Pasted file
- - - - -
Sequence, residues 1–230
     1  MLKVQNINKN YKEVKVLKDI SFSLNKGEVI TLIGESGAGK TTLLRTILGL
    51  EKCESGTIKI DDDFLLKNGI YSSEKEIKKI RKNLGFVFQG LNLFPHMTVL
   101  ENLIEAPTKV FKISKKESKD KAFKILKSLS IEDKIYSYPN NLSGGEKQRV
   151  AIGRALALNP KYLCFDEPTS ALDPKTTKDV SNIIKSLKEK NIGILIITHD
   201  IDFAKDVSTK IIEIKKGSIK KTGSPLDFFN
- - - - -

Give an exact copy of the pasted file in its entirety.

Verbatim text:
Sequence, residues 1–230
     1  MLKVQNINKN YKEVKVLKDI SFSLNKGEVI TLIGESGAGK TTLLRTILGL
    51  EKCESGTIKI DDDFLLKNGI YSSEKEIKKI RKNLGFVFQG LNLFPHMTVL
   101  ENLIEAPTKV FKISKKESKD KAFKILKSLS IEDKIYSYPN NLSGGEKQRV
   151  AIGRALALNP KYLCFDEPTS ALDPKTTKDV SNIIKSLKEK NIGILIITHD
   201  IDFAKDVSTK IIEIKKGSIK KTGSPLDFFN